In the current economy, many not-for-profit organizations are looking for new and different ways to engage donors and solicit contributions. Some people believe that anything is better than nothing when it comes to gifts, but that is not always true. Not all gifts should be accepted, and saying no is okay. Navigating what an organization should accept can be significantly easier if the development team, the board of directors and management have a gift acceptance policy in place.
Related Read: Wrapping Up a Gift Acceptance Policy
Benefits of a Gift Acceptance Policy
A formal written gift acceptance policy identifies what types of gifts the organization is ready and able to accept without creating an unintended administrative burden. For example, cash, marketable securities or specific goods that the organization can readily use in fulfilling its mission are commonly accepted gifts. However, what may be a good gift for Organization A might not be a good gift for Organization B. For example, the donation of a farm. Some organizations may be able to use it or sell it, while others would have no ability or desire to own and manage real estate. Similarly, an animal shelter may welcome unopened pet food or toys, but a school would not have any use for those types of items.
It is best practice for organizations to have a gift acceptance policy in place because it can prevent frustrations and the potential alienation of donors by clearly stating what an organization is able to accept. It also prevents organizations from accepting a gift that could be problematic because they do not want to or feel like they are unable to refuse.
The policy does not need to be long or complicated. It should include what gifts an organization is prepared to receive, as well as the process that will be used for any gifts that are considered nonstandard for the organization. Some examples of nonstandard gifts include land, vehicles, art and nontraditional investments. While some organizations may choose to, organizations are not required to accept a nonstandard contribution, and many smaller ones will not. If your organization is open to receiving nonstandard gifts, make sure to consult with your legal counsel to understand any legal obligations that may transfer with the gift.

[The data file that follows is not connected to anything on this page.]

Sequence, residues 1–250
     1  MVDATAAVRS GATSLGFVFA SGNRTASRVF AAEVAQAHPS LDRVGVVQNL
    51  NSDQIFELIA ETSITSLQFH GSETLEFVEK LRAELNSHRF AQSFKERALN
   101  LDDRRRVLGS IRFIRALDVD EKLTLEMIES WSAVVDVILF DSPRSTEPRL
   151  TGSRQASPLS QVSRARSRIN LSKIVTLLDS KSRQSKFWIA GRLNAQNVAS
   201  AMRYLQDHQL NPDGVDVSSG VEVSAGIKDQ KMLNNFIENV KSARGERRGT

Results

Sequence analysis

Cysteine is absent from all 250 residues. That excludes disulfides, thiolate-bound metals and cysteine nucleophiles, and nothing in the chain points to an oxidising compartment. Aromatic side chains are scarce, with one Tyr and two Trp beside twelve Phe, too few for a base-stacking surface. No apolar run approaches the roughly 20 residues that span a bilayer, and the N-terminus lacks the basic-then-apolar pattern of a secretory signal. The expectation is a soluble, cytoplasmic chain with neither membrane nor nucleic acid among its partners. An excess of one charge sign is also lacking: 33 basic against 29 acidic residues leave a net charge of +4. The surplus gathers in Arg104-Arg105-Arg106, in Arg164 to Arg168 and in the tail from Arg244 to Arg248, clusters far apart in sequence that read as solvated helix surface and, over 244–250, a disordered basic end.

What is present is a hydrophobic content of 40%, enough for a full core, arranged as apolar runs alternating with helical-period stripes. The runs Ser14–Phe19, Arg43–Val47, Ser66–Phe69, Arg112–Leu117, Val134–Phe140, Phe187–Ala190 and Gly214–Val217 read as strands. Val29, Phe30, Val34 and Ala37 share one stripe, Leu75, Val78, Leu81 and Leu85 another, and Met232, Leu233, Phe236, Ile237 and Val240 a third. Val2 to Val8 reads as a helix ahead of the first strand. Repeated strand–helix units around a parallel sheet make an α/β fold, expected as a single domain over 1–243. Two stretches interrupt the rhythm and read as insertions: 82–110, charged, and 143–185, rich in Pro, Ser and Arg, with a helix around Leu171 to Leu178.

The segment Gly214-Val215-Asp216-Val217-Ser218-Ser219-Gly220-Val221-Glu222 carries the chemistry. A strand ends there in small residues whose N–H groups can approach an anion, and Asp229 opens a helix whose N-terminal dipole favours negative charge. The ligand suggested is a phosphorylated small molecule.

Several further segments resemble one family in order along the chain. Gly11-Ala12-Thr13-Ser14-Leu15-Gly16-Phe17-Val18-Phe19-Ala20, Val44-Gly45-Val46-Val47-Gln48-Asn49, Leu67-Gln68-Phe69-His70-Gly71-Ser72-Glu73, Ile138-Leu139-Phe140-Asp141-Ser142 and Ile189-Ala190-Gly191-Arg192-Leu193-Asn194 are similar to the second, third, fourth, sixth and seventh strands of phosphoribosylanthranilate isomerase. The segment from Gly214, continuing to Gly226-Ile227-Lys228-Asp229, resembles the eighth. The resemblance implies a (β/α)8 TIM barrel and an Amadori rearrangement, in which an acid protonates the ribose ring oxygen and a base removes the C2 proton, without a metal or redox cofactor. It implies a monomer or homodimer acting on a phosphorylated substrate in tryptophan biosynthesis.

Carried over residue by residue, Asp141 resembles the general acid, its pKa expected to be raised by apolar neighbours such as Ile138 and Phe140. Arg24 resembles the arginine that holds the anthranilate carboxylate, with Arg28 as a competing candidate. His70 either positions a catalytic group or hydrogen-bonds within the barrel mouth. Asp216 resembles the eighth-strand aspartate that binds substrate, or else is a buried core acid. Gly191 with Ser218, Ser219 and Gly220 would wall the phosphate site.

There are also tax considerations to keep in mind. Organizations that receive more than $25,000 of aggregate noncash contributions during the year are required to fill out Form 990 Schedule M – Noncash Contributions. Question 31 asks, “Does the organization have a gift acceptance policy that requires the review of any nonstandard contributions?” The IRS defines a non-standard contribution as a contribution of an item that is not reasonably expected to be used to satisfy or further the organization’s exempt purposes (aside from the need of such organization for income or funds) and for which (a) there is no ready market to which the organization can go to liquidate the contribution and convert it to cash, and (b) the value of the item is highly speculative or difficult to ascertain.
Nonstandard contributions may also include cryptocurrency, something that all organizations should decide if they wish to accept or not. Special rules and requirements apply for organizations that choose to accept donations of cryptocurrency.
Advertising the Policy
Once a gift acceptance policy is in place, it is very important that those tasked with soliciting contributions are aware of what would be a good gift. To spread the word, organization may post their policy on their website, include in the board of directors onboarding documents, and of course include in the accounting policies and procedures manual.
Organizations should review their policy regularly to ensure that it is still appropriate. As staffing changes, organizations may be more or less able to handle non-standard contributions. Having a clear and concise policy that is used by the development team, board of directors and management is an important tool to maintain and grow a happy donor base.
Related Read: Should I Accept This Contribution?
If you have any questions, contact Alison Fetzer at [email protected] or 312.670.7444. Visit ORBA.com to learn more about our Not-For-Profit Group.